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Thursday, September 01, 2005

It's a good week not to have worked your way up to mid-management:

Ford Motor Company is eliminating up to 1,000 white-collar jobs. GM is going to cut double that number.

Both companies are being hit hard by rising fuel costs that are forcing consumers to choose more fuel-efficient models - which generally means "imports". As far as that goes, I have little sympathy for either company losing market share to a better product. After all, that is supposed to be the way the market works. Better products sell more units.

If we look through the article, though, we find another problem tucked away:

"GM is seeking to cut costs as it faces vastly reduced profits this year and an expected first-quarter loss due to rising health care costs, disappointing sales and shrinking market share in North America."

In November of last year, Ford mentioned a similar problem.

It's no mistake that William Ford himself has been pushing for a national dialogue on heath care costs.

How big of a problem is it? Well, in 2001 Ford Motor Company's share of the health bill for its 500,000 workers was $2.5 billion. That was a single-year rise of over 25%. Don't get sucked into the idea that it's all about health care law suits, either. Ford sites its single biggest problem is providing prescriptions to its retirees. Put simply, those who use the most medicine are bankrupting the system.

But you can't blame them for doing so. After all, the whole reason for having insurance is to use it when you get sick and these are people who have worked their whole lives to make Ford Motor Company one of the biggest automotive companies in the world.

In the early 1990s, Ford went on a buying spree and picked up British Leyland, Isuzu, Fuji and part of Fiat. It actually gets tricky trying to figure out what Ford owns - Fuji and Subaru merged and the new company bought out Isuzu and also bought a minority share of the Brazilian operations of Cummings diesel (which is why the upsized F-250 diesel was a big hit a few years back). Ford owns Landrover and Jaguar (suddenly that Jag isn't so wonderful when it's just an expensive Ford). They also own Mazda, Panoz, Saleen, and Volvo.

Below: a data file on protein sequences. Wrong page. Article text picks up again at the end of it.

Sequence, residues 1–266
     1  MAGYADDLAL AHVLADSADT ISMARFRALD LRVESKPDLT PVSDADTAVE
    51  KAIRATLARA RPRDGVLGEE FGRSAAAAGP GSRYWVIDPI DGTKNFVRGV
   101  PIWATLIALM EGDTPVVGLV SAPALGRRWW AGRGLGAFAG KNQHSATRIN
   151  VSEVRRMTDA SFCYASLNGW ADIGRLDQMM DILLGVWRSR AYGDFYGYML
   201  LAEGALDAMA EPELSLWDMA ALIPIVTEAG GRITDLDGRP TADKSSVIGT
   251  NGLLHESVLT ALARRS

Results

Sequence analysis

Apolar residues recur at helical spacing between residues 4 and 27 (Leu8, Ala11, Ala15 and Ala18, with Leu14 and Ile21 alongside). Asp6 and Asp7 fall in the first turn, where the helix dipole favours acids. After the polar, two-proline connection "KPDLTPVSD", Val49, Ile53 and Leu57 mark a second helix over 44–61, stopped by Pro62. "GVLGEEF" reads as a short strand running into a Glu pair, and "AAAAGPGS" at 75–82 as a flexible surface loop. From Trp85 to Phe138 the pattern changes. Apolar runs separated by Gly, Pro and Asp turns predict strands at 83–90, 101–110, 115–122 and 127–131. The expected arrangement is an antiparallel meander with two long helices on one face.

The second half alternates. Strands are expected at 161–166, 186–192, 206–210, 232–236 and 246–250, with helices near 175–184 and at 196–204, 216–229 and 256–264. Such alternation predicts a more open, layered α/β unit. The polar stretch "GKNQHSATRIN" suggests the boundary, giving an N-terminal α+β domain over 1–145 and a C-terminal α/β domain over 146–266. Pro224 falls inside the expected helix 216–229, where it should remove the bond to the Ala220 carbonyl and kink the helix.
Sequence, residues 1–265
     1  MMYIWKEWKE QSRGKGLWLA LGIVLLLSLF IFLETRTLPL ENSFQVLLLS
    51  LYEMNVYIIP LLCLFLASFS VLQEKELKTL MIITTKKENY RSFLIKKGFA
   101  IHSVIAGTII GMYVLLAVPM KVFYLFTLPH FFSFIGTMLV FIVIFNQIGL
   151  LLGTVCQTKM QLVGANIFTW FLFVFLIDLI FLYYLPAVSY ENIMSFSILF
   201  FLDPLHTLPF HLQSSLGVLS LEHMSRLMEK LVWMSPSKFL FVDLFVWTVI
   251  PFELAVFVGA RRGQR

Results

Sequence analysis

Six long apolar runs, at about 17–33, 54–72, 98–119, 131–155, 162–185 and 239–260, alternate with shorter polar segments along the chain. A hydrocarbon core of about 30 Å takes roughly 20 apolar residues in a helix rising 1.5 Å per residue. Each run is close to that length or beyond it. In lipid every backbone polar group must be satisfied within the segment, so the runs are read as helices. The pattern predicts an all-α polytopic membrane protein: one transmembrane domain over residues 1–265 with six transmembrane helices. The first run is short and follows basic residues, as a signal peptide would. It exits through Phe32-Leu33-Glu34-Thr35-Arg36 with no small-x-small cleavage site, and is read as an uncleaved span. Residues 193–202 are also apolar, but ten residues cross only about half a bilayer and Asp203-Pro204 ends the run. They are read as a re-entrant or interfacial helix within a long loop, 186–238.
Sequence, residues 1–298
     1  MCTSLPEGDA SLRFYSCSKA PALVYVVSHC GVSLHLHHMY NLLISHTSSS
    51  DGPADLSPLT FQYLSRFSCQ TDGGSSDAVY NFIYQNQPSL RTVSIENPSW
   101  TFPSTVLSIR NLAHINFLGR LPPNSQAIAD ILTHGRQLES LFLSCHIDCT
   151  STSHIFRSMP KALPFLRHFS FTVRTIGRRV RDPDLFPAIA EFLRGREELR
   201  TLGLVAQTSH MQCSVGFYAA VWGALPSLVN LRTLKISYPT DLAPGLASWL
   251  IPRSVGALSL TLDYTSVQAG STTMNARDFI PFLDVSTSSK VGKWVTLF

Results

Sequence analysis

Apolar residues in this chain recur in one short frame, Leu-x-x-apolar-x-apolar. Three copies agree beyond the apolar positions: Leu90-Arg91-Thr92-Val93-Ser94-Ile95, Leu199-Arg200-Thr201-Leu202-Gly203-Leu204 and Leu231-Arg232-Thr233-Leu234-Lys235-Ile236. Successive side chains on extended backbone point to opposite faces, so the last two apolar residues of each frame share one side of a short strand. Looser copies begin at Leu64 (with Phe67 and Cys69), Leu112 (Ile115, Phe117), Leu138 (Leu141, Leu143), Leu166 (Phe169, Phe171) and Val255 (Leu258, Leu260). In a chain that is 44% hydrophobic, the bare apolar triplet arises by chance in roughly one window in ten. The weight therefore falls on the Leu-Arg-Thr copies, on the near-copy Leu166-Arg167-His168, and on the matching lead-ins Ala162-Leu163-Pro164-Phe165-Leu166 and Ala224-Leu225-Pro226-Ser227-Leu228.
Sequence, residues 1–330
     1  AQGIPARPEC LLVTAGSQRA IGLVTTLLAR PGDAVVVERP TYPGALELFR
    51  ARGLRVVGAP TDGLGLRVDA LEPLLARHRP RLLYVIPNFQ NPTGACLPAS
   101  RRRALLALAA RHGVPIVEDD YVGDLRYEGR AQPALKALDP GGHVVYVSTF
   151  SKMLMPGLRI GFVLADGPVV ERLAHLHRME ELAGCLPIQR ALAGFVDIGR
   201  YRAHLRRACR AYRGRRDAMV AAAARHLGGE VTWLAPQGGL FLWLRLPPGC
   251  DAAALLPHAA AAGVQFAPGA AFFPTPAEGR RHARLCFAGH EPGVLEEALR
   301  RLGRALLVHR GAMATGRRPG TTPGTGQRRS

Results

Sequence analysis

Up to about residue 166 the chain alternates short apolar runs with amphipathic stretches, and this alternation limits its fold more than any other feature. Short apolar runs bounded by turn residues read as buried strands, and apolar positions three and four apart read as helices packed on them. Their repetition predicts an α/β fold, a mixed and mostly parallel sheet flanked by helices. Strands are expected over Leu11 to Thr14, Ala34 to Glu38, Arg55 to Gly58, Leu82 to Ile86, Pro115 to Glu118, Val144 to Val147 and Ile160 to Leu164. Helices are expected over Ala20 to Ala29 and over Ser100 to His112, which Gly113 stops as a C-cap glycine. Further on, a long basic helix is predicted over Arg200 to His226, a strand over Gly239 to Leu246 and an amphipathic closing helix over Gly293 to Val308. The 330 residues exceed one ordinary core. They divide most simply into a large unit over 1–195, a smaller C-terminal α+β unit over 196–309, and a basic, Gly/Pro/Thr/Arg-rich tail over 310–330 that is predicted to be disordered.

With all of the big powerful engines and sports cars, it would be easy to think of Ford as trying to compensate for some inadequacy. In fact, I believe that is exactly what they are doing. They are trying to compensate for inadequacy of health care costs.

Almost every country in which Ford (and GM) snapped up subsidiaries has some sort of universal health coverage. It is the government that faces escalating health costs, not individual employers. Obviously, the government then passes on the costs in taxes, but that cost is spread out so widely that it doesn't threaten the livelihood of the companies. It should be telling that almost all of the cuts in both GM and Ford have taken place in THIS country while workforces in countries with universal coverage have actually expanded - including our northern friends in Canada. Why hire an American engineer and face millions in additional health care costs as he or she ages when you can hire on only a few hundred miles to the north and NEVER FACE A SINGLE HIKE IN HEALTH INSURANCE COSTS?

I disagree with William Ford. It's long past the time to have a national dialogue on health care and health care costs. We spent the entire twentieth century talking. It's time to do something - and not something stupid like limiting liability for malpractice. It's time to move forward on providing basic health care for everyone. Every minute that we don't, we are costing people lives and businesses money. Lives, of course, should be more important than money, but this is America - and we love our businesses that worship the Yankee Greenback.

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